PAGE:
The pursuit of removing the perceived boundaries of what art is. As an artist, I have the privilege to develop a narrative for how I see the world, and it is an honor to be able to share that narrative with others.

What do you enjoy most about what you do?

The fact that I get to share these works, experiences and defining moments with people who genuinely enjoy them. I love being able to break the language barrier and communicate with an audience who takes away personal feelings and emotions from the body of work.

What can we expect next from you?

I’ve been working with my team on a variety of projects that we can’t wait to share with the world in 2021 and 2022. I always stick to the saying ‘expect the unexpected’ because you never know what things will come into fruition when you keep your heart and mind in the right place for the right reasons.


PHOTO COURTESY OF LX MGMT
PHOTO COURTESY OF LX MGMT

THE RETAIL RENEGADES

Matt Matros and Lindsey Kilbride Founders, Shopflix shopflix.com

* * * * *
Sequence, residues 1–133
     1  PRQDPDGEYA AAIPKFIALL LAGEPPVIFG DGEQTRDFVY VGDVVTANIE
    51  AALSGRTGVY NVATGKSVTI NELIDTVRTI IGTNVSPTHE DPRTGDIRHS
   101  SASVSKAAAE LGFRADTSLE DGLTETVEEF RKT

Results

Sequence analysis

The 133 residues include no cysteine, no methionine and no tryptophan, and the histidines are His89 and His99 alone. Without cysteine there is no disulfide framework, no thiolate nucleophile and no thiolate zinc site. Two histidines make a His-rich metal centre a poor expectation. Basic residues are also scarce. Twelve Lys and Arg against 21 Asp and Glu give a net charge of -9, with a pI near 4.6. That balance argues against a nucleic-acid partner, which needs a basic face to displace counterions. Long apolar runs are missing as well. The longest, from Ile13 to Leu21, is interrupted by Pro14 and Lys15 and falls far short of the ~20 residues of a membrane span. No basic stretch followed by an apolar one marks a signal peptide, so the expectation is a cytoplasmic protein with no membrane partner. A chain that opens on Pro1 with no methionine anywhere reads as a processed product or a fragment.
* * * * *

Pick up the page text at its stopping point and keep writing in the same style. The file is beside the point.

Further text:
"QVC meets Netflix meets Peloton” is the elevator pitch for new media business Shopflix—and if this concept of social media personalities livestreaming product demos and brand founders telling their stories snags even a fraction of the biz of any of those three powerhouses, founders Matt Matros and Lindsey Kilbride are going to have a blockbuster hit on their hands. Considering that livestream shopping in China is a $66 billion per year business (and growing like wildfire), it’s no wonder that Matros and Kilbride—who’ve made their marks as the founder of Protein Bar and Limitless and as one of Trunk Club’s first 10 employees, respectively—have raised nearly $2 million in funding. Will audiences tune in? We’ll find out soon enough: Shopflix is set to make its much-anticipated debut this month. As the dynamic duo prepares for launch, they share their insight on the new venture.